Did you ultimately come to NYC to flee all of that?

I came to New York City to pursue opera. It wasn’t until I got here that I realized how freeing it felt to not be in Kentucky. You learn a lot about yourself when you travel long distances, you know?

Absolutely! So, how did those early attempt at opera gigs go?

Great actually! I’ve worked with a lot of local companies–Bronx Opera, Utopia Opera, North Shore Music Festival–and always as the youngest kid in the room. I did five operas last year and three of them were brand new roles. I was lucky for the opportunities.

I got burnt out pretty quickly, though. I was still struggling with discovering who I was, and playing male roles was rarely satisfying. So I stopped auditioning for them for a time and focused on drag. I hope to get my vocal chops in shape to start auditioning again soon, but this time for female roles. It’s non-traditional, but I’ve always been the most successful when I’m challenging conventions.

So, did you do start doing drag specifically to experiment with female opera roles?

Absolutely. Women have always been more interesting to me, more enticing. My role models growing up were Sailor Moon, Helena Bonham Carter, Audra McDonald.

So, playing men didn’t interest me; it didn’t make sense. Plus, I’m so fucking effeminate. It was difficult to play real men. Caricatures I could do–I was a great Gaston. But I wanted to be the lead, and I couldn’t do that playing men.

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Would you say that Bev is a character, or is she basically you?

She’s better than me! She’s a magnification of some of my best and worst traits. And all of that manifests as this slightly older woman with a taste for dirty jokes and classic music. She’s what I imagine the women in my family were like before I was born.

Where did she make her performing debut?

At the West End, with Brita Filter and Terra Hyman. There was supposed to be an amateur drag competition, but when it fell through I asked Brita [if I could] perform anyway. Thank goodness she said yes!

Let’s talk about “New York’s Next Top Drag Queen,” an competition for singing drag queens at the Metropolitan Room. What motivated you to enter that competition this year?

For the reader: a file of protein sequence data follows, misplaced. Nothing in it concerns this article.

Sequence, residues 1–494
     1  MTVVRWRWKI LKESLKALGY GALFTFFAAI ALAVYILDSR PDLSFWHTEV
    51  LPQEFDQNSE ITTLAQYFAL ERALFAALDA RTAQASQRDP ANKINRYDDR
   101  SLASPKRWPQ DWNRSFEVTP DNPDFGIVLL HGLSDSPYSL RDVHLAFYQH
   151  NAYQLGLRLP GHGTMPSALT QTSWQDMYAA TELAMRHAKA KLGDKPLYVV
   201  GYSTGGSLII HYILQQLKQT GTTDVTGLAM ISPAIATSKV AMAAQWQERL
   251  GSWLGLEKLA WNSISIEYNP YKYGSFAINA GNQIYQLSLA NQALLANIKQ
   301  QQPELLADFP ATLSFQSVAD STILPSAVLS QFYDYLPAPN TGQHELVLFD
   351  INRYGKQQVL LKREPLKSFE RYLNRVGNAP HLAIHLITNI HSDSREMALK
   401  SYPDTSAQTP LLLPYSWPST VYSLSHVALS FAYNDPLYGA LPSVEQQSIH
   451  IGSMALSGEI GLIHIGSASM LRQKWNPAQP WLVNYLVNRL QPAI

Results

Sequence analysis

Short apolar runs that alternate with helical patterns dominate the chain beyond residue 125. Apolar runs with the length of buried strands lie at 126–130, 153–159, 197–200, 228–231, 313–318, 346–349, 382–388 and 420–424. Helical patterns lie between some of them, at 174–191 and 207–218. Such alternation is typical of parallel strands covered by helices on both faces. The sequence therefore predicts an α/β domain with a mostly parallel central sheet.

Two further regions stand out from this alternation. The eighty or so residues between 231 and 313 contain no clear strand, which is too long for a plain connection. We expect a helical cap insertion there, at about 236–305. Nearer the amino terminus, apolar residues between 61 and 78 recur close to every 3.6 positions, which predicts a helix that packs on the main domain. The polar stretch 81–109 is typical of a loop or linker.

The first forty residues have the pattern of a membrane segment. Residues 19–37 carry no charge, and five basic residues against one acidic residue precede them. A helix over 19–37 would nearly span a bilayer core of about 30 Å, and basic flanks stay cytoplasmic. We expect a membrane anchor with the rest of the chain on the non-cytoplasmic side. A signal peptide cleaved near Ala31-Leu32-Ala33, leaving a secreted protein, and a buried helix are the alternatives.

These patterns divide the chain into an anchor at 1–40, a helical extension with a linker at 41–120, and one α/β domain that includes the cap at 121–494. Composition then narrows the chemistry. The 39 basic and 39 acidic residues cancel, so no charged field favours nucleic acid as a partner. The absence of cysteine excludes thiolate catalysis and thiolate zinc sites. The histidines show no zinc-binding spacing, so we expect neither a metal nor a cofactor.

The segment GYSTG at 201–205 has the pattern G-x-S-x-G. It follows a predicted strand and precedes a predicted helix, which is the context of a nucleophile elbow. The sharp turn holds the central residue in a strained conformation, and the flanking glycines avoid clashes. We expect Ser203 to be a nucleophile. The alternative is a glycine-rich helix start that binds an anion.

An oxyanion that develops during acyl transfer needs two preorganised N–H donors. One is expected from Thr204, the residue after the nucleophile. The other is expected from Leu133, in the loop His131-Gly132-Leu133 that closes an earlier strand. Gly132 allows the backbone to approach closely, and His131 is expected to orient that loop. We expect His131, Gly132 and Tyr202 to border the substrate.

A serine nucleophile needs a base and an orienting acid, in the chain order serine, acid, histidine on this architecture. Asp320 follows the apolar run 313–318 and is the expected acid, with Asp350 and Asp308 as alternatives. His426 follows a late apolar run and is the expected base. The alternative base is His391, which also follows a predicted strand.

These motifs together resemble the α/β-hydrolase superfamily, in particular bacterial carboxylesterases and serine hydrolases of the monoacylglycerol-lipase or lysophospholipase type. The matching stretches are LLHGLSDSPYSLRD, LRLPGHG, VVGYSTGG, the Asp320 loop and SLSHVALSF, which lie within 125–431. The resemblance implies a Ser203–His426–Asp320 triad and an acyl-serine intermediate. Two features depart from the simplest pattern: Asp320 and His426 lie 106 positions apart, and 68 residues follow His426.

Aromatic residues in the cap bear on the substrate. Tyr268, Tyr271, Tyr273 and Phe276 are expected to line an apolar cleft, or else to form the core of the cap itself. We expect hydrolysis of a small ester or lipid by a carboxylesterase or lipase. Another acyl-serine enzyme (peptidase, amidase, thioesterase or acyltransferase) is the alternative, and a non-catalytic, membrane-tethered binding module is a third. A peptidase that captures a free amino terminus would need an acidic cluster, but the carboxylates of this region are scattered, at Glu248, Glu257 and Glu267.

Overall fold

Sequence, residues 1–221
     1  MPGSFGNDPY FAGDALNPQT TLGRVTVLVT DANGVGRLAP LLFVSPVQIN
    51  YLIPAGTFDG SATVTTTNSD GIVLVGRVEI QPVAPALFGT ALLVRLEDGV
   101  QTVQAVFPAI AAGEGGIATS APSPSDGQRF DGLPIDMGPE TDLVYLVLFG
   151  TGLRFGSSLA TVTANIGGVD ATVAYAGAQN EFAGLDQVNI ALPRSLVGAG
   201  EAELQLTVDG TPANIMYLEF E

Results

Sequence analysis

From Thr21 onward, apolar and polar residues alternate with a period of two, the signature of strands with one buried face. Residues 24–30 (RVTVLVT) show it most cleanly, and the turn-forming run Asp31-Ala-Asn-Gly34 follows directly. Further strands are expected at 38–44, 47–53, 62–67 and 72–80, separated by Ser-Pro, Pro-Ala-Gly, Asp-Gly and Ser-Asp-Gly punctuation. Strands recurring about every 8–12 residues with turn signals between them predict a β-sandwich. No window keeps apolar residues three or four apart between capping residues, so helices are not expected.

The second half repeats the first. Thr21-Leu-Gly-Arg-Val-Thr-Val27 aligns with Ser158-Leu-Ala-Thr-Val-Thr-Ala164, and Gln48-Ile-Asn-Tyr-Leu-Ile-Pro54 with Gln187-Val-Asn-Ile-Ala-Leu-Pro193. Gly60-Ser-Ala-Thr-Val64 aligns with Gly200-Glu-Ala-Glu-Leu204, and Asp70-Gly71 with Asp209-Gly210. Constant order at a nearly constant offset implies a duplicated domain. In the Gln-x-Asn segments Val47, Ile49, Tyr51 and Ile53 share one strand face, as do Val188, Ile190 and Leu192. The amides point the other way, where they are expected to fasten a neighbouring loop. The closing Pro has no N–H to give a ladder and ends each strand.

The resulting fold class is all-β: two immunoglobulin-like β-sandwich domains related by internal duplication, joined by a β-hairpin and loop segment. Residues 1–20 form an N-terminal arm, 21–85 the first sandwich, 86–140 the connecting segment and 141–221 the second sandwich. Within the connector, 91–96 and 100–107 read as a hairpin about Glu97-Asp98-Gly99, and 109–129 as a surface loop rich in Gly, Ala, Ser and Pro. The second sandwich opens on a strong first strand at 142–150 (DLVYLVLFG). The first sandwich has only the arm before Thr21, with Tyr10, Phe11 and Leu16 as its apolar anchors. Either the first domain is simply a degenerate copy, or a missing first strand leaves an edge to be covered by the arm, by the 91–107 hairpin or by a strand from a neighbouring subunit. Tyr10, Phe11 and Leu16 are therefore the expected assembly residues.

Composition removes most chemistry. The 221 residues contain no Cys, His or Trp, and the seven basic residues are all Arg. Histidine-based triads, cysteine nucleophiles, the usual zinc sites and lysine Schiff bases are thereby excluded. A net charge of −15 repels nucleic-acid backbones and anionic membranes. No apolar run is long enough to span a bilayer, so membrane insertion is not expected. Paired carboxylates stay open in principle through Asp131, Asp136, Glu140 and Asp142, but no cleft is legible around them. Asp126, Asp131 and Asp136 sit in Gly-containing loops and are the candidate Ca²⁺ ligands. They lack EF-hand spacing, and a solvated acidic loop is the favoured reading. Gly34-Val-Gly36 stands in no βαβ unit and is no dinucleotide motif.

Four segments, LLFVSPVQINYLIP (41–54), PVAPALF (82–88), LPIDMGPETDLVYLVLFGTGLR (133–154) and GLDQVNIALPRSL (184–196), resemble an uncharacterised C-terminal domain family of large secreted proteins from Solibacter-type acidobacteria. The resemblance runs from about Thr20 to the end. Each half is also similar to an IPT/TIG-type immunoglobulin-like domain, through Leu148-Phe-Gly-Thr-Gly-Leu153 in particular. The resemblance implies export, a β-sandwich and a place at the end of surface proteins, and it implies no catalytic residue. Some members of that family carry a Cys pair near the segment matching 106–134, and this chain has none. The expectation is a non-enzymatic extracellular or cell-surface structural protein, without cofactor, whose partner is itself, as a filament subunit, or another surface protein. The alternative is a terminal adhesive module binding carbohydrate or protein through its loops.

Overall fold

I’d been puttering around, going to shows and performing at Star Search and Knockout Tuesdays, but nothing had really taken off. I was co-hosting a once monthly variety show at Albatross Bar and we brought on a comedian named Rachel Joan who worked at the Metropolitan Room. She liked what I did, and pointed me in the direction of the competition. I was a singer and had always loved cabaret work, so it seemed like the right direction to take myself in.

How did you enjoy the experience of “NYNTDQ” overall?

The competition itself taught me so much about drag. The judges were not always easy on me, so I learned about picking the right material, pushing my concepts all the way, and adapting to an audience while staying true to myself.

It was also my first real introduction to drag queens on a personal level. I wasn’t just fan-girling at Sutton Lee Seymour, I was talking to these girls every day for over a month. Most of us became close friends. Hell, Gina Tonic is the best friend I’ve made since coming to New York City.

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 As someone with a big voice, was it difficult to adapt to the single piano cabaret intimacy of the Metropolitan Room?

Not at all! One of my greatest passions in undegrad was doing recitals–solo concerts which were usually accompanied only by piano. And while many recitalists don’t speak between sets, I always had something to say to the audience. Moving into cabaret made sense.

I see you’re returning to the Metropolitan Room on July 6th for a live Match Game! Can you tell us about that?

Absolutely! Joseph Macchia, the producer of” NYNTDQ,” and I have been trying to find a way to work together again. We were tossing around ideas, and he mentioned doing a live version of the Match Game. I knew the show and thought it was a brilliant idea. RuPaul already parodies it to much success, so why not try doing it for real?

Our first show at the Metropolitan Room is July 6th at 9:30pm. I’m hosting, and we have a hilarious panel of nightlife and theatre personalities, live performances, plus an exciting cash prize for the contestant who wins!

Sounds fun. Is it gonna be weekly, monthly…?

We’re going to see how it plays and then move from there. But right now the plan is monthly with rotating hosts. If I’m not hosting, I plan to be right there on the panel cutting up with the rest of them. For reservations and more info, you can check out the Metropolitan Room website or call 212.206.0440.

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What’s your take on performing modern pop music in your drag sets? Do you hate it? Do you sing it, or only lip sync?